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Sugar: An Ancient Culinary and Medical Commodity
Sauces, Seasonings, and Spices
Winter Volume: 2003 Issue: 10(4) page(s): 23, 24, and 34
Sweeteners are not new to China. During the Han Dynasy, if not before it even began in 202 BCE, magnolia buds and peonies were used in sauces, as was honey. They probably also used brown sugar, rock sugar, and malt sugar. Some say sweetener use predates the Han, maybe since 500 BCE, but records of its earleir use are spotty and questionable by some Chinese food historians.
The use of cane sugar, as we know and use it now, did not originate in China but there are accounts that the Chinese were importing this form of sugar soon after the Han dynasty ended. The Chinese then learned to refine sugar themselves from the people of Eastern India in the middle of the 7th century. Reports tell us that they liked the partially refined product, called it 'sandy sugar,' and sent an expedition to India to learn how to make it.
Actually, there were older methods of sweetening than the use of flowers. One such was using the sap of the sagwire or arenga palm. Another was to use honey and make hard cakes from it that were mixed with milk. These cakes were particularly popular and used from Sichuan to Hangzhou. However, their use was problematic. They disintegrated readily when left around in humid weather conditions. Perhaps these and other problems with them led to people to want a better sweetener. When they did import refined sugars they readily switched to them but did keep at least one oldie, honey.
Another very old sweetener not yet mentioned is maltose. This can be an extract of sprouted wheat or barley. It is usually used in its very thick form and it resembles a very dark corn syrup. This paste, that can harden, is intensely sweet and it gives finished dishes good color, aroma, and taste. You may be familiar with the taste of maltose because many chefs brush it on Peking Duck. There, it is responsible for much of the taste and the crispy skin. As are many of the sugars, maltose is considered of tonic value. The ill and the elderly are told to mix it into their tea.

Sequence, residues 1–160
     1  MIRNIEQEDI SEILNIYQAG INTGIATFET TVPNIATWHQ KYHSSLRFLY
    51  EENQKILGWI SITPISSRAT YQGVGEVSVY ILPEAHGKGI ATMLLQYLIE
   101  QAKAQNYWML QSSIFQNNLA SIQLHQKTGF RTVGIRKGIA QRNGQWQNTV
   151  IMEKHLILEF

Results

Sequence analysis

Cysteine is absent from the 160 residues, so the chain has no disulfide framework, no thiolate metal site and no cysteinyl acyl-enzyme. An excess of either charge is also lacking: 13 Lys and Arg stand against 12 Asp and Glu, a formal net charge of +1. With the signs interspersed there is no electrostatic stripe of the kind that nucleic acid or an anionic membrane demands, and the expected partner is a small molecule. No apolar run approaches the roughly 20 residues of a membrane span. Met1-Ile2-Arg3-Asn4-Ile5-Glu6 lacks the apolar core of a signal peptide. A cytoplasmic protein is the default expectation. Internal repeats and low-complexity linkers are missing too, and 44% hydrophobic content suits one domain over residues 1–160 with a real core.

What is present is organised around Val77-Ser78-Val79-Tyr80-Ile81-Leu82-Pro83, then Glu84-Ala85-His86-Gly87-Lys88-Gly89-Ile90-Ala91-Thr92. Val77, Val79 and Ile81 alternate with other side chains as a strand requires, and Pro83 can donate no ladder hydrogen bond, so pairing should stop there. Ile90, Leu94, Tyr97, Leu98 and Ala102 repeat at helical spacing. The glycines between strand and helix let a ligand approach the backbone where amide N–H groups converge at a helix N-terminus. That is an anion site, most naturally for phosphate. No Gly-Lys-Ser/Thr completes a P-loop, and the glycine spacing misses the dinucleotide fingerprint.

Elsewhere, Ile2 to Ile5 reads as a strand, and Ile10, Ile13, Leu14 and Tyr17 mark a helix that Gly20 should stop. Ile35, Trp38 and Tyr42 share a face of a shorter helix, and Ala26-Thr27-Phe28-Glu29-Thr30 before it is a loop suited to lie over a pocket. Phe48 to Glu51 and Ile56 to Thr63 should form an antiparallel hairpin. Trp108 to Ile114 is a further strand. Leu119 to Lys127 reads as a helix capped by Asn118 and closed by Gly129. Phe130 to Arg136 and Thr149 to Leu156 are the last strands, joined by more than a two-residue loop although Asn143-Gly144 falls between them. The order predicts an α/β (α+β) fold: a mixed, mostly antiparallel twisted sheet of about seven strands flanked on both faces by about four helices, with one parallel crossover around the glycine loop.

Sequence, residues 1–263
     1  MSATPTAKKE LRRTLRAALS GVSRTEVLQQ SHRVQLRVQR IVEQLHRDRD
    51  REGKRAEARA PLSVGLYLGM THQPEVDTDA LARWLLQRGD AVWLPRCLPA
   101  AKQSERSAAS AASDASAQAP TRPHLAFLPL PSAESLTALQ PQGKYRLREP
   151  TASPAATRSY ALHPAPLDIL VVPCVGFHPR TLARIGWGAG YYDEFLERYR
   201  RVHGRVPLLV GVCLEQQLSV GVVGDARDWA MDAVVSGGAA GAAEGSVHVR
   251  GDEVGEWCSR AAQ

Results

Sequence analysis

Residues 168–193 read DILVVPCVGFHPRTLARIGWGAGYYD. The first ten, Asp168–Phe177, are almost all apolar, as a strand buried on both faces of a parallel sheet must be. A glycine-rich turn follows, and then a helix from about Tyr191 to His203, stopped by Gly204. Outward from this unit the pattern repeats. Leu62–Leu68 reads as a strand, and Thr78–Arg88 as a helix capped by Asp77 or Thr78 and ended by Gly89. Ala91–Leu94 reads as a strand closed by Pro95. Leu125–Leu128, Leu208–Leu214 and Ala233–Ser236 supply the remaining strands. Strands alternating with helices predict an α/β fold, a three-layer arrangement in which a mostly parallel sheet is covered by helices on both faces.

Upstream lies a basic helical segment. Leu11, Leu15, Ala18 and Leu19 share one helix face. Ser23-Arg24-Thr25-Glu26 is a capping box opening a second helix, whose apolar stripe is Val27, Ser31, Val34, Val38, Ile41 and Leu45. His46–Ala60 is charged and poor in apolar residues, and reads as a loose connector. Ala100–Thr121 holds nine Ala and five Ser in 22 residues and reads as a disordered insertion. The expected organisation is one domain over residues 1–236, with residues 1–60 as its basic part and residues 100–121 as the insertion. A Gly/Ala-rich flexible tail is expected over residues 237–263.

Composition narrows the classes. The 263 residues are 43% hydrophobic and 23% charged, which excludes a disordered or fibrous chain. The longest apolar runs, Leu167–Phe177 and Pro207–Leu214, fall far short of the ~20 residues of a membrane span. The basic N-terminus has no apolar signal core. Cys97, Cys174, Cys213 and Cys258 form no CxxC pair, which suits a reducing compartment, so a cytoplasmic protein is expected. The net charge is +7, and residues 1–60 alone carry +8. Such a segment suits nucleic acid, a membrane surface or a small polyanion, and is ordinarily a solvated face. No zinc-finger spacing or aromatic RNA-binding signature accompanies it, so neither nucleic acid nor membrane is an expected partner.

Many foods were preserved in maltose in ancient China. Maltose was not only used as a tonic, it was diluted and used as a means to improve complexion, spreading it on face and hands. Some use existed such as drinking honey as a cure for colds, others used it and maltose, even other sugars, in yet other medicinal ways. All of these uses still exist today.
Rarely was honey used in main dishes but it was an ingredient of candies and used as binder in cakes. In spite of the availability of early or late sweetening ingredients, in most parts of China, little or no sugar was used in cooking, that is until recently. Its major uses before the 7th century were in candy and dessert-type foods. That was true except in Guangzhou and Wuxi, where they were known for their liberal use of sugars to sweeten their salty dishes.
Today and in yesteryear, special Chinese honeys such as Winter Honey, Lychee Honey, and Floral Honey were marketed. They and regular honey found lots of use in Chinese medicines, and only a little use in food items. Stone honey, also available in stores, is really not honey but rather sun-dried molded cakes of sugar. It, too, was popular for desserts and for health purposes. During and since the Tang Dynasty times which began in 618 CE, dishes such as Sugar Crabs and in Stewed Fruit with Almond Flavor and Bird’s Nest became popular.
Other early sugar usage included heavily sugaring foods to preserve them and preserving foods was also done by smoking, salting, steeping, drying, etc. These latter techniques often included the use of one sugar or another to help preserve them. Sugar was also used in religious ceremonies, though this is minimally described in the literature. For that, sugar was used in rites associated with temple openings.